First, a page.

I planted a garden last summer during the pandemic. Here in Chicago, March and April 2020 were cold and dreary. And it snowed. All around us was the oppressive reality of COVID-19: the lockdown, the fear, the daily grim statistics of rising cases and deaths, the isolation. I longed for a project that would look to the future and be life-giving. A garden would be just the thing.
I planted green beans and tomatoes, basil and lavender. I even planted raspberry canes, which turned out to be a challenge because there was a run on them—everybody must have been planting their own patch of Eden. I also planted petunias for a splash of color. When all was in, I admired the colors and waited for vegetables to grow.
With human beings in quarantine, the rest of creation had a chance to breathe and thrive. The smog had abated so much in India that people could see the Himalayas for the first time in decades. Penguins roamed the streets of Cape Town, South Africa, and mountain goats strolled through towns in Wales. I heard coyotes howling at night in my urban neighborhood. Rabbits and squirrels had the run of the place. At first this was a welcome sign of life flourishing despite the pandemic. But soon the rabbits and squirrels became brazen, and they turned their attention to my garden.
The squirrels chewed the raspberry canes down to a nub. The rabbits treated my petunia bed and green beans like an all-you-can-eat salad bar. Just as the tomatoes were beginning to ripen, the squirrels took them right off the vine. It was maddening. I tried all kinds of deterrents—Tabasco sauce mixed with dish soap, chunks of Irish Spring soap tied to stakes, constant vigilance—all to no avail. I even considered the possibility of an air rifle, but I’m pretty sure that there is an ordinance prohibiting the discharge of weapons in the city limits.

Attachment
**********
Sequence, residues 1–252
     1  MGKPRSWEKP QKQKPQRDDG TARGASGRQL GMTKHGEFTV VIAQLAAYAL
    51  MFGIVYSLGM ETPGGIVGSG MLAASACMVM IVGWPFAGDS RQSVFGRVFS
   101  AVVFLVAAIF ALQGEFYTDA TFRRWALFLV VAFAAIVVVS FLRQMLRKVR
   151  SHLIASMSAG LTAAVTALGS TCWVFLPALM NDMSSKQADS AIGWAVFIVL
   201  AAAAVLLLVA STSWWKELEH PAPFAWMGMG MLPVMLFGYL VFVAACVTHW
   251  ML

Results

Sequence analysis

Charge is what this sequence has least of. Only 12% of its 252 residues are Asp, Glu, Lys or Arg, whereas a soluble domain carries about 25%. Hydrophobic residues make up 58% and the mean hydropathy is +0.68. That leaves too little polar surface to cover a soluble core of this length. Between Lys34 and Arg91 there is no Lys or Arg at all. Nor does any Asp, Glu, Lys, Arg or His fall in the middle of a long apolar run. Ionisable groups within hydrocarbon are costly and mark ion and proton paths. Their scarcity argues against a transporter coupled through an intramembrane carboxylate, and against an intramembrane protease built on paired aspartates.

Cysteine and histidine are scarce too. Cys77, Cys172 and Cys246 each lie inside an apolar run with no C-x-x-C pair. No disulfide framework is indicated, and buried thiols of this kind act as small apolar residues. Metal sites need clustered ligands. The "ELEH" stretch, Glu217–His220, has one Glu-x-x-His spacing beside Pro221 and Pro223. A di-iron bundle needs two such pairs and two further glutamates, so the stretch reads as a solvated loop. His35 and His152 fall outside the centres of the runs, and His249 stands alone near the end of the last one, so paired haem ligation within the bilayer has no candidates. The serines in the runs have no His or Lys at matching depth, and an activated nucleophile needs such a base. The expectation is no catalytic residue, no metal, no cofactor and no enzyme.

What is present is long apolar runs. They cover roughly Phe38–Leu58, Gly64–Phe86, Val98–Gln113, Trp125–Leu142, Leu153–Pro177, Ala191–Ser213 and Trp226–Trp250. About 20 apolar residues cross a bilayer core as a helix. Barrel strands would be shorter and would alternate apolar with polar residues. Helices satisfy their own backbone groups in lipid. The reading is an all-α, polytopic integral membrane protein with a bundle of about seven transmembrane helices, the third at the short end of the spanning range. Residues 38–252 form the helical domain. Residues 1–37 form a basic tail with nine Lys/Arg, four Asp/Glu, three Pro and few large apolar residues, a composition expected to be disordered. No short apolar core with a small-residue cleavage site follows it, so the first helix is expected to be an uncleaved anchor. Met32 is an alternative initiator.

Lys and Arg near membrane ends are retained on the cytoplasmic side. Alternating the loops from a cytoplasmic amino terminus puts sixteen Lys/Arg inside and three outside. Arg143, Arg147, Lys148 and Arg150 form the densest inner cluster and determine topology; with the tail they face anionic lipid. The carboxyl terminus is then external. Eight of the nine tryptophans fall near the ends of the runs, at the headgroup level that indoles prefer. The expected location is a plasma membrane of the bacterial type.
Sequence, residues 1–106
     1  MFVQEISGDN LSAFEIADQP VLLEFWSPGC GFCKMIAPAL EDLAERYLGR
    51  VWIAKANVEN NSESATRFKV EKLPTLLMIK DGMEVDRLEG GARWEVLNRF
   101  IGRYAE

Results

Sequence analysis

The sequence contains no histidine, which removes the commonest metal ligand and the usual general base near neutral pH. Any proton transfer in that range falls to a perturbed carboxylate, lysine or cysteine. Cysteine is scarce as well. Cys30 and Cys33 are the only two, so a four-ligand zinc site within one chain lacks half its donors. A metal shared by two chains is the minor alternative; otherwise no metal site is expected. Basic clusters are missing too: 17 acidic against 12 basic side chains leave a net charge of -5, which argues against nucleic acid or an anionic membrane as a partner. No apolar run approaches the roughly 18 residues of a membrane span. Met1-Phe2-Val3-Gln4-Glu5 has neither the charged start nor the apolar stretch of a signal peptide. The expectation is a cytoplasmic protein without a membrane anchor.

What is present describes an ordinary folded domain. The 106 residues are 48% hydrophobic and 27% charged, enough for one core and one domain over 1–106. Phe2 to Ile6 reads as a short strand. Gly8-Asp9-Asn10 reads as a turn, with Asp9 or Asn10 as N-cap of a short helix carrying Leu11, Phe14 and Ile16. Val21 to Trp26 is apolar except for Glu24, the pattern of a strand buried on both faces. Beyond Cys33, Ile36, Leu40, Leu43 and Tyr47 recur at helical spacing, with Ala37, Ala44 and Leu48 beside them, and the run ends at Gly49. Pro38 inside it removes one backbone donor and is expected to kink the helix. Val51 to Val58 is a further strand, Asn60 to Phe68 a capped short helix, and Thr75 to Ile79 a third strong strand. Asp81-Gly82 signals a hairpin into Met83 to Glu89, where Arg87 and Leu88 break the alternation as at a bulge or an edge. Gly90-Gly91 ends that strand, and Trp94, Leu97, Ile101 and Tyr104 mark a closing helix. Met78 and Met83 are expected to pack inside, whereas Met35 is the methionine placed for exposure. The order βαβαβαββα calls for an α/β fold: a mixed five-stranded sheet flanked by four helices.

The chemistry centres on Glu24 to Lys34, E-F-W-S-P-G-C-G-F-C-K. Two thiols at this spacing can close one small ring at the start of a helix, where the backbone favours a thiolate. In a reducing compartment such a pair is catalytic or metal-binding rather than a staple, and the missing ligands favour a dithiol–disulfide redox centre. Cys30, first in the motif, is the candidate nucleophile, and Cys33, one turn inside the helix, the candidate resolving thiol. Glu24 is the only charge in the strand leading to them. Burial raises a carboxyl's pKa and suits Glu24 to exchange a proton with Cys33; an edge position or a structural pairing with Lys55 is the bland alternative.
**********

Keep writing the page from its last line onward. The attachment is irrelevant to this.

Legend has it that Martin Luther once said: “If I knew that the world were to come to an end tomorrow I would plant an apple tree today.”
Eventually I came to believe that the rabbits and squirrels had formed an unholy alliance and were organizing against me. My suspicions were confirmed when I found tiny copies of Watership Down (the rabbit liberation manifesto) tucked in the bushes. All that was standing by the end of the season was the lavender, which I found remarkable because I was sure they would have taken the opportunity to fashion little wreathes to adorn their burrows and nests. To add insult to injury, the rabbits kept producing more little bunnies. They were adorable! Darn it!
I planted a garden this summer. Green beans, tomatoes, lavender, basil, zucchini, sage, rosemary and thyme. Flowers will follow soon. The rabbit and squirrel populations are robust, and it doesn’t help that my husband feeds the squirrels and has given them names. I thought about constructing a garden compound topped with razor wire, but I’m not going to do that. I will try the traditional methods of Tabasco sauce, dish soap, Irish Spring soap and vigilance. I will also place some fencing around the green beans and tomatoes. And I will hope.
Legend has it that Martin Luther once said: “If I knew that the world were to come to an end tomorrow I would plant an apple tree today.” This is a powerful statement of faith in the God who brought again from the dead our Lord Jesus Christ. This is the confidence that, when “he will come again in glory to judge the living and the dead, and his kingdom will have no end” (Nicene Creed), God will restore all of creation and this will be a good end.
This is the faith which declares that through pandemics, droughts, floods, famine, deadly bigotry, war, all the death-dealing things in nature and the human heart, life—the abundant life that Jesus promises—will prevail.
Plant something in the summer.